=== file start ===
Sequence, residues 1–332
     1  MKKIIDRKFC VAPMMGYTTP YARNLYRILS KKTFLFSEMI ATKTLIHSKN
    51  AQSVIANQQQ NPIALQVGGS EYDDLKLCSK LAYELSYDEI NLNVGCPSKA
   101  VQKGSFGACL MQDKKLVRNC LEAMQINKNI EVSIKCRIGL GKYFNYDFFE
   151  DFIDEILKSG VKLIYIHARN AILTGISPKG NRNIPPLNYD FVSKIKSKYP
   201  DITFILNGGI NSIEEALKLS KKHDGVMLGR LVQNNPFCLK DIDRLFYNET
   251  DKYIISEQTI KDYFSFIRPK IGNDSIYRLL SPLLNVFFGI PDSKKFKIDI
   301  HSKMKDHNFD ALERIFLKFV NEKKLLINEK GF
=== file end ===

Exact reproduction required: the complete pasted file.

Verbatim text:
Sequence, residues 1–332
     1  MKKIIDRKFC VAPMMGYTTP YARNLYRILS KKTFLFSEMI ATKTLIHSKN
    51  AQSVIANQQQ NPIALQVGGS EYDDLKLCSK LAYELSYDEI NLNVGCPSKA
   101  VQKGSFGACL MQDKKLVRNC LEAMQINKNI EVSIKCRIGL GKYFNYDFFE
   151  DFIDEILKSG VKLIYIHARN AILTGISPKG NRNIPPLNYD FVSKIKSKYP
   201  DITFILNGGI NSIEEALKLS KKHDGVMLGR LVQNNPFCLK DIDRLFYNET
   251  DKYIISEQTI KDYFSFIRPK IGNDSIYRLL SPLLNVFFGI PDSKKFKIDI
   301  HSKMKDHNFD ALERIFLKFV NEKKLLINEK GF